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Texas Lawmaker Fighting Back Against Copper Thieves
Four people are under arrest, accused of stealing 700 pounds of copper in Williamson county. The foursome is accused of stealing from several electrical substations owned by Pedernales Electric Cooperative before being busted by the Lower Colorado River Authority. The problem is prompting state lawmakers to take action.
Copper thefts continue to cripple Central Texas. Crooks are looking to make a quick buck at the victim's expense. Clean copper wire can sell for $3 per pound.
"We don't want to buy stolen metal. We have too much good business to deal with that," said Jim Shapiro.
Shapiro is the owner of Austin Metal and Iron. He's working with state lawmakers to crack down on copper-related crimes.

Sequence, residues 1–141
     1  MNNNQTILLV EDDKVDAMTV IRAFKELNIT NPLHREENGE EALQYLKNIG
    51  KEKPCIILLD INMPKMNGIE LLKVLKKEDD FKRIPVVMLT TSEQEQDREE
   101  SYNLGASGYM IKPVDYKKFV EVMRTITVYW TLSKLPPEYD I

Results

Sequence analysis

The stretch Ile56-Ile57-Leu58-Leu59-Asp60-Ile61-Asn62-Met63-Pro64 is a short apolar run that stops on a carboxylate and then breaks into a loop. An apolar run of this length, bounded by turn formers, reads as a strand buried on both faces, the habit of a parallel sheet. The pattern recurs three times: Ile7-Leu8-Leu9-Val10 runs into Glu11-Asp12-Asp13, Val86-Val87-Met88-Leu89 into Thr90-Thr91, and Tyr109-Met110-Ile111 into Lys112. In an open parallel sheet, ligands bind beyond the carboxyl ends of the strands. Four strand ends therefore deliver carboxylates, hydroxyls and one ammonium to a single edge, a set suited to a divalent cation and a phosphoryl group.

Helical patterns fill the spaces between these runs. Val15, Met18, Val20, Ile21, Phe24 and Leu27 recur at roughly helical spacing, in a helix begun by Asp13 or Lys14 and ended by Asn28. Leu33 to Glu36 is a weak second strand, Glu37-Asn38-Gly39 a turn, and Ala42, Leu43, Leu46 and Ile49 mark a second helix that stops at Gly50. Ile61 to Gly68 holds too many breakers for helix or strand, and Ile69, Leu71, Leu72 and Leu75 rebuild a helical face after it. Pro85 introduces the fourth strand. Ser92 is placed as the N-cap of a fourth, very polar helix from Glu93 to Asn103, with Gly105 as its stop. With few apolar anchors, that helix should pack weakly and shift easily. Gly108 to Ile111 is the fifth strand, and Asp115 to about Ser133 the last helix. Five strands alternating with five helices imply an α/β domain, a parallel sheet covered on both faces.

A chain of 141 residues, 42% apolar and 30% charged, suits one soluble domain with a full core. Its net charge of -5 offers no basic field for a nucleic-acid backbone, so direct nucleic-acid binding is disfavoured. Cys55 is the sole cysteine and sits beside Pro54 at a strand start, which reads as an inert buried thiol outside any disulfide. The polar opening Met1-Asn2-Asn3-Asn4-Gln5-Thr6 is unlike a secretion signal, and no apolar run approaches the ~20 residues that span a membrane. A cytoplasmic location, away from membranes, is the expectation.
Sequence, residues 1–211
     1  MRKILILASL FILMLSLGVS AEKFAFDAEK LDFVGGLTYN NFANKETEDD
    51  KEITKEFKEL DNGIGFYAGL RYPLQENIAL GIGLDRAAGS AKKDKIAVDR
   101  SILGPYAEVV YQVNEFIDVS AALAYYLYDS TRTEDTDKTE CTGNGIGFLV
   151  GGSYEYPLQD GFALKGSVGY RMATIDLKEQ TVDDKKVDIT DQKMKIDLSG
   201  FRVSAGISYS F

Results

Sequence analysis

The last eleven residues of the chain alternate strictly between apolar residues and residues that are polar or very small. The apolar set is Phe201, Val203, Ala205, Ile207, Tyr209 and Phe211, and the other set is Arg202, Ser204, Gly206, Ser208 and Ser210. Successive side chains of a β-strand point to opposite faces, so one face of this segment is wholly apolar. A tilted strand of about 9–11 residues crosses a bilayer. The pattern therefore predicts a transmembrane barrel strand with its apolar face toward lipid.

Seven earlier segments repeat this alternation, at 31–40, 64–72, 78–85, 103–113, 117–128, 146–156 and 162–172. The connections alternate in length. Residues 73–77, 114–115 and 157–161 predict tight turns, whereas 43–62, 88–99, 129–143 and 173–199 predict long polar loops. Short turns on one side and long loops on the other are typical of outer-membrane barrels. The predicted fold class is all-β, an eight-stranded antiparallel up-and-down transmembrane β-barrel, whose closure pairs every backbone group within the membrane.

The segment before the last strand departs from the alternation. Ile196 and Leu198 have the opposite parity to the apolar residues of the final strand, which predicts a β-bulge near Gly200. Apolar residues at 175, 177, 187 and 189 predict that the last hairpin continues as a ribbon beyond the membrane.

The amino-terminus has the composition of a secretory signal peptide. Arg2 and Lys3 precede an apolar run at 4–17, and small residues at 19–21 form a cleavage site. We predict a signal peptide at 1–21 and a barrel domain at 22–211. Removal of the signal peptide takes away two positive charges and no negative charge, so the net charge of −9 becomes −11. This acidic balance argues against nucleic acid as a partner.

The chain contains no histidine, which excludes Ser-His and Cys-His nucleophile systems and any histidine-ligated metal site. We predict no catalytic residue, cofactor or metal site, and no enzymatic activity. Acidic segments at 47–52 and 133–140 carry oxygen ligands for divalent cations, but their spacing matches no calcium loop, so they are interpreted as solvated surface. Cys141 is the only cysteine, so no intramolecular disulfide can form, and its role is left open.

"We've had tremendous problems with thefts of copper," said Representative William Callegari, District 132 (R-Houston).
Callegari is sponsoring house bill 555.
"it's aimed at the people who buy the materials to make them more cooperative and making sure we stop those people who are selling materials that may be stolen," added Callegari.
If passed, scrap yard owners who knowingly buy stolen metal could be charged with a Class A misdemeanor and a face a fine of up to $10,000. Shapiro, who is the president of the recycling council is all for it.
"There are bad operators in the scrap metal industry," said Shapiro.
Last session, state lawmakers passed Senate Bill 694.
"it requires scrap yards to take identification, make and model of vehicle and take video or still picture of selling and the material," added Shapiro.
That information is sent to the Department of Public Safety database -- putting another barrier between copper crooks looking to make some quick cash.
In a statement released to KEYE TV, the senior director of engineering said "copper theft has been a serious issue for Pedernales Electric Cooperative with thefts occurring at about 10 substations last fall."
The LCRA declined to comment on the story, saying they expect to make more arrests in the near future and don't want to compromise the investigation.
By Alex Boyer